The opening chapter writes in first-person tense through one of the murdered girls posthumous perspective, very similar to The Lovely Bones by Alice Sebold. The rest of the novels ripples from the shock of the crime, entering the stream of conscious of Kate, the mother of two of the murdered girls and owner of the shop, Jack, the firefighter who first responded to the crime scene, Rosa, the reporter covering the murders, Hollis, a homeless war veteran, and Michael, a troubled teen who was paid to drive the getaway car for the anonymous murderers.
Each narrator is adrift in their own version of grief in the aftermath of the senseless crime. The novel explores the empathy of suffering and the small things that can bind us together and tear us apart at the same time. Just like the real crime, the narrators never find an answer, just a way of coping, and the reader too becomes a victim of their affliction. I enjoyed the moral exploration of each diverse character rather than the "who-done-it" murder mystery style. This is one of those books that sticks with you long after you have finished reading it.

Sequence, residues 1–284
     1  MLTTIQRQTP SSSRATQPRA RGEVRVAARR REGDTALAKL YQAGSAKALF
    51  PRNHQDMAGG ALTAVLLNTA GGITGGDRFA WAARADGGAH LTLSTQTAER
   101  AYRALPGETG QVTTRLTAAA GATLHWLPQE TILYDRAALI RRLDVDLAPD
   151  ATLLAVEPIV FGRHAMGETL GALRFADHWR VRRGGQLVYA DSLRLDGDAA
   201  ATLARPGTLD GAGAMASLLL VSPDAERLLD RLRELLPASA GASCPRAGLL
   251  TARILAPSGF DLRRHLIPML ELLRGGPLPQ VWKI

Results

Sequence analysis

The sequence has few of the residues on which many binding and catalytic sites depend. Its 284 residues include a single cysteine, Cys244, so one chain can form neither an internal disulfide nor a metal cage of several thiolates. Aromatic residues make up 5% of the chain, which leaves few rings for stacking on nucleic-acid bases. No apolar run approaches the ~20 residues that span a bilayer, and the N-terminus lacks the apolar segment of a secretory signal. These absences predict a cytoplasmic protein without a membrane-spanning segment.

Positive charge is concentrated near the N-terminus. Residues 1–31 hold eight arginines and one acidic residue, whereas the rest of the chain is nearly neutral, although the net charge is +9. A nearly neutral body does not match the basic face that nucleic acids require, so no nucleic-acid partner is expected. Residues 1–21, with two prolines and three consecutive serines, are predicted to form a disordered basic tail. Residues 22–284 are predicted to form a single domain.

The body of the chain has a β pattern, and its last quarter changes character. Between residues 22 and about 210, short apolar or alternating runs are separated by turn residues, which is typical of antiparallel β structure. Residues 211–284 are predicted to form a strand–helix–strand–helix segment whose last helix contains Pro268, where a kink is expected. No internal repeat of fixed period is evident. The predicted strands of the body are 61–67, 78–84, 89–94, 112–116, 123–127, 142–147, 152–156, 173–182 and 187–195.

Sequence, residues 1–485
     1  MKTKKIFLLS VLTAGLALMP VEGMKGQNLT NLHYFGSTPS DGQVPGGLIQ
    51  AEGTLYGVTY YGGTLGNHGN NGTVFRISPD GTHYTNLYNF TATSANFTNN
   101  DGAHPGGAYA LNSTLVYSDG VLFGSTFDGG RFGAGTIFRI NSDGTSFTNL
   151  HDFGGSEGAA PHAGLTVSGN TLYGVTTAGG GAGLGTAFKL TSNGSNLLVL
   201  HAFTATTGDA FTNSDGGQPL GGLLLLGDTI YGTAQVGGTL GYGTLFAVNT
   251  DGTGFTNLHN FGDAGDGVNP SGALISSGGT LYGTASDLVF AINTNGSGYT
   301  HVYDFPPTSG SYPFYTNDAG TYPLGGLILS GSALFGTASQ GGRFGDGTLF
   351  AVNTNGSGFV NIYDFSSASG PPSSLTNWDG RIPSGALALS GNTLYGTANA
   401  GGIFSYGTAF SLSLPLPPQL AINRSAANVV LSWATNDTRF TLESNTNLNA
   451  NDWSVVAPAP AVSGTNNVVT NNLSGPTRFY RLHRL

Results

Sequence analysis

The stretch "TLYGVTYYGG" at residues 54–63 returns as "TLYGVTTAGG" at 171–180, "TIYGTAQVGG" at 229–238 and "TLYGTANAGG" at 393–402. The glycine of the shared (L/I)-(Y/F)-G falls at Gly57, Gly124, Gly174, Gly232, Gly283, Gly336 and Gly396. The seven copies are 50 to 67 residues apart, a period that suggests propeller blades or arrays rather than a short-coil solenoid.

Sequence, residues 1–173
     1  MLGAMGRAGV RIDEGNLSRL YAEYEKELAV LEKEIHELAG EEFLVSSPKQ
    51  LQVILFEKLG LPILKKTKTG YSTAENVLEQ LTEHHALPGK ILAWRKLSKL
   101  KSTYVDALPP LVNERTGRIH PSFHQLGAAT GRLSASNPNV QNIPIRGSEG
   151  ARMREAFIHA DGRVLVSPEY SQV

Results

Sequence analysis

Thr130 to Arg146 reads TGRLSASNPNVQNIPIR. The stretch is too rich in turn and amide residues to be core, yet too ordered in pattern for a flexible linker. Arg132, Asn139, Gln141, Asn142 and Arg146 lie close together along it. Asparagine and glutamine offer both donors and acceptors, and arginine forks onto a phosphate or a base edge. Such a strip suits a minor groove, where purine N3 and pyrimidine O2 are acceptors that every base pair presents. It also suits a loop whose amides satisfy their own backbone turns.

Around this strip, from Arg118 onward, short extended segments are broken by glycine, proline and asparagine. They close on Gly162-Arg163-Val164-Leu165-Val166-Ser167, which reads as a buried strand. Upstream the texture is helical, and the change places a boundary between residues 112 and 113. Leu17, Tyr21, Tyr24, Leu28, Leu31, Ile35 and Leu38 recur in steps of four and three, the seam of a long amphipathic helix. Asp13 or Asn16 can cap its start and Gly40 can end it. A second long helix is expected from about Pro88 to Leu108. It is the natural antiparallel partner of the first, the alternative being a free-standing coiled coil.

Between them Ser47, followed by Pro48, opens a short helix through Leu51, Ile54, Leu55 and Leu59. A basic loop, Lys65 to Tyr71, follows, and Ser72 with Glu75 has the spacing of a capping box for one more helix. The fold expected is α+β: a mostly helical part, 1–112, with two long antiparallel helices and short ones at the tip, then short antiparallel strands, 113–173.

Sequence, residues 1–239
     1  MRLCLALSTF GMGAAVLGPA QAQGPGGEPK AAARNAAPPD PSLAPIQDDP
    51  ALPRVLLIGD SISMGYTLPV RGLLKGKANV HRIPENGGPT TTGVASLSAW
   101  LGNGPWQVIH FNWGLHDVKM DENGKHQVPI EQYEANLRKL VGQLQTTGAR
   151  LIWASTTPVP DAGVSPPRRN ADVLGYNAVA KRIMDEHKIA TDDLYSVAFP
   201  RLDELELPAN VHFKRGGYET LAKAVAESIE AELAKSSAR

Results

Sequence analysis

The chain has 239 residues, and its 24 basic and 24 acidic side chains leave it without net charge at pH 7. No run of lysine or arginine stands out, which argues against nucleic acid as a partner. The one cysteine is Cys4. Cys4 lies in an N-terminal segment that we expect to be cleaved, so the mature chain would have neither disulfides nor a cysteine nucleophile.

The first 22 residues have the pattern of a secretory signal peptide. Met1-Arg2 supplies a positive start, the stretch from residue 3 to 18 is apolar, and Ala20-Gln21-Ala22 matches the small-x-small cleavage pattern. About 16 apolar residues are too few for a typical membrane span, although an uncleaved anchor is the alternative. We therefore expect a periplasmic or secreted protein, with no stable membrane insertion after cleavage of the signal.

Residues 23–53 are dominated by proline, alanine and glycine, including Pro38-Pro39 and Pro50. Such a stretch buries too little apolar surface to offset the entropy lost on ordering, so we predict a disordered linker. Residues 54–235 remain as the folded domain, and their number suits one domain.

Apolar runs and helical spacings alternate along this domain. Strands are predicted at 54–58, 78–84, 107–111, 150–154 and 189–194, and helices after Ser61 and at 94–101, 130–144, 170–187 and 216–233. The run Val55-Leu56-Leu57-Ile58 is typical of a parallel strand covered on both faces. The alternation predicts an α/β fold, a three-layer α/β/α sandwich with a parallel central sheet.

For more strong, but flawed characters, try the short story collection Mothers, Tell Your Daughters by Bonnie Jo Campbell. For more heartfelt and illuminative storytelling try Playlist for the Dead by Michelle Falkoff.
Review by Stevie Z.